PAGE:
One of the bods on the CFML Slack channel - who coincidentally is a fellow Kiwi - Marty Pine got me interested in this whilst we were chatting about some code last night. I tried to get my brain around the problem at the time, but I was 3-4 pints into a pub session at the time, and it was a bit too complex. I dunno how much use I was to him solving his problem.

However this got me thinking today, during my fortnightly "four hours to kill @ Shannon Airport" stints. As an exercise for myself, I decided to knock together some code to convert a nested set tree into an adjacency list tree.

I couldn't quite solve this one in my head... it requires recursion and my brain doesn't recurse very well (just "curse": f*ckin' fine. Just not

*re*curse). So I've been trying out various versions of my solution for a coupla hours now, but I've finally decided I can't take any more code out, and I've only got one wee niggle with my solution.

So here's the data:

```
tree = [
{id=1, left=1, right=28},
{id=2, left=2, right=17},
{id=3, left=3, right=10},
{id=4, left=4, right=5},
{id=5, left=6, right=7},
{id=6, left=8, right=9},
{id=7, left=11, right=16},
{id=8, left=12, right=13},
{id=9, left=14, right=15},
{id=10, left=18, right=27},
{id=11, left=19, right=22},
{id=12, left=20, right=21},
{id=13, left=23, right=26},
{id=14, left=24, right=25}
];
```

I've just indented it like that to make the hierarchy clearer.

The problem with a vanilla nested set is that whilst it's dead easy to work out a node's full ancestory or its full descendant subtree, but it's not so easy to just find a node's parent or immediate children. On the other hand, an adjacency list is excellent at finding what's adjacent (oddly enough), so the parent and children of a node; but it's not so excellent at finding the hierarchy in either direction, without using recursion. To this end, I usually use a hybrid approach: have a nested set, but as well as the left/right, I also maintain a parent. But... anyhow.

So the deal is here I want to convert this to a nested structure that is based around the parent/child relationship. Well: a parent node knows its children in this case.

The rule I'm using here is that a node's children (if any) are the nodes that "stretch" across the left/right gap of the parent. So the first child has a

`child.left`

of `parent.left+1`

; the next immediate child has a `nextChild.left`

which is `previousChild.right+1`

(if that makes sense... perhaps just look at the data). And for each child... I get its children via exact the same mechanism (calling it recursively). And if I then just "remember" everything at the right time as I traverse the tree... I'll get a nice recursive data structure.Leveraging CFML's iteration functions, this is surprisingly easy:

```
function convertNestedSetToAdjacencyList(tree, node=tree[1]){
var nextChildLeft = node.left + 1;
return {
id = node.id,
children = tree.filter(function(node){
if (node.left != nextChildLeft){
return false;
}
nextChildLeft = node.right + 1;
return true;
}).map(function(child){
return convertNestedSetToAdjacencyList(tree,child);
})
};
}
```

That's a total of

*two*statements in the function:

- setting
`nextChildLeft`

; - returning the result.

Obviously the "returning the result" bit has a coupla iteration method calls, but they're still pretty basic!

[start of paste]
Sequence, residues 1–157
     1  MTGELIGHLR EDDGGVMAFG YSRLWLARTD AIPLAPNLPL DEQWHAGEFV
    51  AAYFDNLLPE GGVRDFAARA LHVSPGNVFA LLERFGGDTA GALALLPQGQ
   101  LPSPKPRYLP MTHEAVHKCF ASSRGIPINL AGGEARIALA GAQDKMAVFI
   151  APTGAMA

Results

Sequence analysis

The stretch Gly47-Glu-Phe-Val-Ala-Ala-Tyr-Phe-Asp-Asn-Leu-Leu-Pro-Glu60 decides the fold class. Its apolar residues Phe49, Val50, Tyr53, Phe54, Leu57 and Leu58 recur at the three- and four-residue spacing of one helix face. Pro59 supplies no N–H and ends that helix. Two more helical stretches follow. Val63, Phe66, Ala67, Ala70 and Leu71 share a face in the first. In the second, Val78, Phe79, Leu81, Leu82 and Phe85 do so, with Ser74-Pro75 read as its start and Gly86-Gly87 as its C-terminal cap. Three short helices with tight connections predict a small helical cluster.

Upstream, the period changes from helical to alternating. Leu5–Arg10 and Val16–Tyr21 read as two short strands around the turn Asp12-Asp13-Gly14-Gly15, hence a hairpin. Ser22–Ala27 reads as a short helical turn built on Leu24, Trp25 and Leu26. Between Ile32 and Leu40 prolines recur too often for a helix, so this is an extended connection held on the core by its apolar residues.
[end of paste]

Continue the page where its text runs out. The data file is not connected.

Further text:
- run a filter to get the children.
- remap the children calling the function again for each one.

The "tricky" thing here - and something that I've never attempted before - is that the filter method progressively changes what it filters on, to just get the "next" child, based on the fact that the next child is immediately to the right of the previous one. And that's a simple calculation.

Dumping-out the result of this gives the following:

This does indeed create an adjacency list hierarchy. Job done.

One thing I thought about is that for a given child, I do not need to filter the

*entire*tree to find its children; just the descendants of said child. I added in a filter in on the recursive bit thus:

```
convertNestedSetToAdjacencyList(tree.filter(function(potentialDescendant){
return node.left < potentialDescendant.left && node.right > potentialDescendant.right;
}),child)
```

So that only passes the descendant subtree into the recursive call. But that was actually doing slightly

*more*work than just using the full tree. I suspect it depends on the size of the tree (or its depth or its width?) as to whether there's a gain to be had here.

I also figured I should put a reference back to the parent into each child too, so the hierarchy is traversable in both directions, which is easily achievable doing this:

```
function convertNestedSetToAdjacencyList(tree, node=tree[1],parent=0){
var nextChildLeft = node.left + 1;
return {
id = node.id,
parent = parent,
children = tree.filter(function(node){
if (node.left != nextChildLeft){
return false;
}
nextChildLeft = node.right + 1;
return true;
}).map(function(child){
return convertNestedSetToAdjacencyList(tree,child, node.id);
})
};
}
```

Or a variation on that theme in which one passes the entire struct for this level into the recursion as the parent, depending on what one needs. Still: this is all variations on the same theme, so I won't witter on.

Well that wiled away the time waiting for my flight. I might go find my gate now, and sit down there.

Righto.

--

Adam